• Rosie Burbidge

What are the consequences of falsifying evidence?

Updated: Apr 28


An recent case concerning the infringement of registered designs for furniture was notable for a finding of dishonesty on the part of the director of the first defendant company (ASR Interiors Ltd v AWS Trading Ltd & Anor).


The case concerned three designs for a sideboard, a wing and a chair. The defendant, which was accused of infringing each design, argued that it had previously sold products that invalidated the design rights. (Pictured: the sideboard design, left, and the infringing product, right.)


But the judge, Recorder Douglas Campbell QC, found that the sales orders referred to in the statement of truth by Nigel Yates, director of the defendant, must have been fabricated.


No electronic record of the relevant sales order from 2019 survived, and the associated product was not included in the defendant’s 2019 price list. A second sales order must also have been falsified, as it was not otherwise explained.


The consequences of this finding for the defendant’s case were severe, as the judge pointed out:


Falsification is a serious allegation and needs to be proved by cogent evidence. The evidence before me is sufficiently cogent for me to conclude that sales order 3959 to Leen has been fabricated, and I so find. So for that matter was sales order 7825. Neither party suggested that anyone other than Mr Yates himself could have performed such a fabrication, and I find that he did … This does not mean that I automatically disbelieve all of Mr Yates’s evidence on other issues, but in my view it is unsafe to rely on anything Mr Yates said which is unsupported by other material.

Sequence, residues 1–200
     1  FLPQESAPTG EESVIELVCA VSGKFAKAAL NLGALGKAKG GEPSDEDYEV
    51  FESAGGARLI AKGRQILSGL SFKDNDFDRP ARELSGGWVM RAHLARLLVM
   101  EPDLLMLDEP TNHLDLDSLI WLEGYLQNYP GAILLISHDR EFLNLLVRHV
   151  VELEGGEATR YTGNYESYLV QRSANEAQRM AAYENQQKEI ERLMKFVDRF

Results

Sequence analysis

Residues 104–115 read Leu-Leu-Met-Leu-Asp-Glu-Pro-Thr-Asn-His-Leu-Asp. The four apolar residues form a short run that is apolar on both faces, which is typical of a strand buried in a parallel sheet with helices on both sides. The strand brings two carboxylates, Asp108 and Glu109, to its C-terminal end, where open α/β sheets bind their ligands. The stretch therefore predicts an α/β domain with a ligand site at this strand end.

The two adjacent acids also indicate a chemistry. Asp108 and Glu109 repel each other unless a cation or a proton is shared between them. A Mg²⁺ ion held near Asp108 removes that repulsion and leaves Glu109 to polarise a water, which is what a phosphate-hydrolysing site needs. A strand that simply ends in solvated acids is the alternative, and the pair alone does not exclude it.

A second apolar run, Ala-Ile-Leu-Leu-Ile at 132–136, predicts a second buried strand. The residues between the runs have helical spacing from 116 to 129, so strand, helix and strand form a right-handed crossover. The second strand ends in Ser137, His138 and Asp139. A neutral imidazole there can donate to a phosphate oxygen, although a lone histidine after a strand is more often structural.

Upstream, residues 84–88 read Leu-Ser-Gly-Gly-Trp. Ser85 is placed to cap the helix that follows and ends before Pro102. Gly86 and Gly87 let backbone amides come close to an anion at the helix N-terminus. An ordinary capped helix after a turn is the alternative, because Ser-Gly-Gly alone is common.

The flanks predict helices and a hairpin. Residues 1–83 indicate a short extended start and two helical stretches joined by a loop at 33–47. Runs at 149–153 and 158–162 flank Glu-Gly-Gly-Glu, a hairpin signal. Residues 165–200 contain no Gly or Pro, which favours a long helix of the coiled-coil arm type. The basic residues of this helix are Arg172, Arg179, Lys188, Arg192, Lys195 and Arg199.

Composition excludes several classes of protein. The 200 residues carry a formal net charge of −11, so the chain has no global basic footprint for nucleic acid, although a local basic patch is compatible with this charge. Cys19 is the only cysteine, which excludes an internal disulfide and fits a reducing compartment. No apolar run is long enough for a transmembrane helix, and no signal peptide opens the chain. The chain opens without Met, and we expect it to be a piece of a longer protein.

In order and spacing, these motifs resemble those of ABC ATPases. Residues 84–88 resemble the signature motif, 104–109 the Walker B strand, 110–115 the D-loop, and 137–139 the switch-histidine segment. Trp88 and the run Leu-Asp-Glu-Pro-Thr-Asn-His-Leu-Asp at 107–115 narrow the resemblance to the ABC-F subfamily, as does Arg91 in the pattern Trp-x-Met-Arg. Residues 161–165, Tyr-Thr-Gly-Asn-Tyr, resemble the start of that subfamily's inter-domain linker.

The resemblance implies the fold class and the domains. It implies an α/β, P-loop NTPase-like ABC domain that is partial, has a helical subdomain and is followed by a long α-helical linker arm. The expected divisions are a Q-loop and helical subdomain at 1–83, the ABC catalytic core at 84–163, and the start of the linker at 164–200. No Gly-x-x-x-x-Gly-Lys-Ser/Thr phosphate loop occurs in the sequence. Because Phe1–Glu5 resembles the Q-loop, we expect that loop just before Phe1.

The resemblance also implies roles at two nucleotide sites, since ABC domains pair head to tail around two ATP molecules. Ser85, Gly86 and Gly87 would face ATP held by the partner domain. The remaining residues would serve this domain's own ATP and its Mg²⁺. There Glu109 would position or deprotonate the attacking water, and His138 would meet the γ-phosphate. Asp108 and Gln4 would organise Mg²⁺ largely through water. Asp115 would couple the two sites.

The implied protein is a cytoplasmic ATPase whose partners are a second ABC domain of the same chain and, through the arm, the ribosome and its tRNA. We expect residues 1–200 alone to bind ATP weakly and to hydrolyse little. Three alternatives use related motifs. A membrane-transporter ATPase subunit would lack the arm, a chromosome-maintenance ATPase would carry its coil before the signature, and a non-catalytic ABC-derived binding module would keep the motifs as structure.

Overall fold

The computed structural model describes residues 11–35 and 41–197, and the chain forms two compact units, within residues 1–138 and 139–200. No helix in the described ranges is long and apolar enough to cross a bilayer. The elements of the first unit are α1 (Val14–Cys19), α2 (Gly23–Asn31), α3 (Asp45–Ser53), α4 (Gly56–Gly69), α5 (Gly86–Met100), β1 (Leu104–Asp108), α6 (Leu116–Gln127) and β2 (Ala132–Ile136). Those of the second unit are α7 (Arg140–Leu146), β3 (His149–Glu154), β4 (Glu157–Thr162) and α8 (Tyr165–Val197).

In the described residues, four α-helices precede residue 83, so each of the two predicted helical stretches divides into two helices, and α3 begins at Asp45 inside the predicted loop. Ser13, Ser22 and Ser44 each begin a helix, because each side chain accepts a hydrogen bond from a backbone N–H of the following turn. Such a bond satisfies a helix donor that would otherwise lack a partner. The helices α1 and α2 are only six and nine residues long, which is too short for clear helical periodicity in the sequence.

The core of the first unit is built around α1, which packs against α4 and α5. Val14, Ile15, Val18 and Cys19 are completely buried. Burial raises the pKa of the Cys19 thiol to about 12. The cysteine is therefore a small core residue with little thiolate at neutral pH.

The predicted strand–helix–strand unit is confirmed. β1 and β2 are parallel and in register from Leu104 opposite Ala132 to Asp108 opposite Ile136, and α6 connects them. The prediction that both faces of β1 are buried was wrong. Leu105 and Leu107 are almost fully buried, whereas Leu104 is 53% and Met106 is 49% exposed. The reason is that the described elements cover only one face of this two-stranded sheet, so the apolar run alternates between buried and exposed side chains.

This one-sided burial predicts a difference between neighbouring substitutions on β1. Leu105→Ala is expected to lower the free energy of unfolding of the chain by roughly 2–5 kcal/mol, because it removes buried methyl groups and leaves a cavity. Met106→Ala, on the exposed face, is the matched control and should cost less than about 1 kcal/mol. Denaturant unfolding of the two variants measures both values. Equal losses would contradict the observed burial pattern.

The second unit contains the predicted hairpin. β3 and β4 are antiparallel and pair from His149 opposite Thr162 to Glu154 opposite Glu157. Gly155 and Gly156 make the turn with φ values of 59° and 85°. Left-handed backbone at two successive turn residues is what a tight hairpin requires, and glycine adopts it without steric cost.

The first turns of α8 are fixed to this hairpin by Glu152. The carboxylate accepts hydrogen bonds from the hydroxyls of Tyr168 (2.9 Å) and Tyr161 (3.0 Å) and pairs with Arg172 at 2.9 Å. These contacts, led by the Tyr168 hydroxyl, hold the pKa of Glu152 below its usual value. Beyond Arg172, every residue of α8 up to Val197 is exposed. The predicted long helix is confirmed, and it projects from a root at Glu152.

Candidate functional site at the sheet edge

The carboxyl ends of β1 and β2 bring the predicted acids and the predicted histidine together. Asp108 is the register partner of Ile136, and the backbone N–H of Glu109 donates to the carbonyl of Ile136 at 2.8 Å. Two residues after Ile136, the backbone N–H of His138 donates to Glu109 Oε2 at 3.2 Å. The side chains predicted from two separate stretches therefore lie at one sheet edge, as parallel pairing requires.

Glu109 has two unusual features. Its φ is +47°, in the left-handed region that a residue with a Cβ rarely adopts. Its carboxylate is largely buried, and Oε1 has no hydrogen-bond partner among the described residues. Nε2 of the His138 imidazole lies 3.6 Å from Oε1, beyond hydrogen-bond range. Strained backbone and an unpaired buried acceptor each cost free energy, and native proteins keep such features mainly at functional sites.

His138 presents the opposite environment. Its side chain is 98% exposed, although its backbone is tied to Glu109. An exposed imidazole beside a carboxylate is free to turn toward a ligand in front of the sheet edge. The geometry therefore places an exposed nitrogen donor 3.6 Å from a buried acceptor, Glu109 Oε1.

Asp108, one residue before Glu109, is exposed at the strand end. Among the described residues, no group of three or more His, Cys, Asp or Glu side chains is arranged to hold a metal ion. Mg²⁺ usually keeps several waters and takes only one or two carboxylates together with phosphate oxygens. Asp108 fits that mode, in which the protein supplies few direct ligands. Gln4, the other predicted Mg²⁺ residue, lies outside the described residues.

Finding undermines case

The validity of all three designs was therefore upheld.


The judge also found that the overall impression produced on the informed user by the designs and the alleged infringing products was the same, despite some differences. The evidence on when the alleged infringing products were made available to the public was in general “confused and unsupported by any first hand evidence apart from that of Mr Yates”. The designs were therefore infringed.


The case is a cautionary tale for parties in litigation, and their representatives, that the courts take a dim view of statements and evidence that are not consistent, are unclear or appear to be dishonest.

Judges in the IPEC, where this case was heard, are used to dealing with witnesses who are unfamiliar with the law, have strong feelings about the dispute or cannot remember details, and will make allowances. But clear evidence of fabrication will almost certainly damage your entire case.


To find out more about the issues raised in this blog contact Rosie Burbidge, Intellectual Property Partner at Gunnercooke LLP in London - rosie.burbidge@gunnercooke.com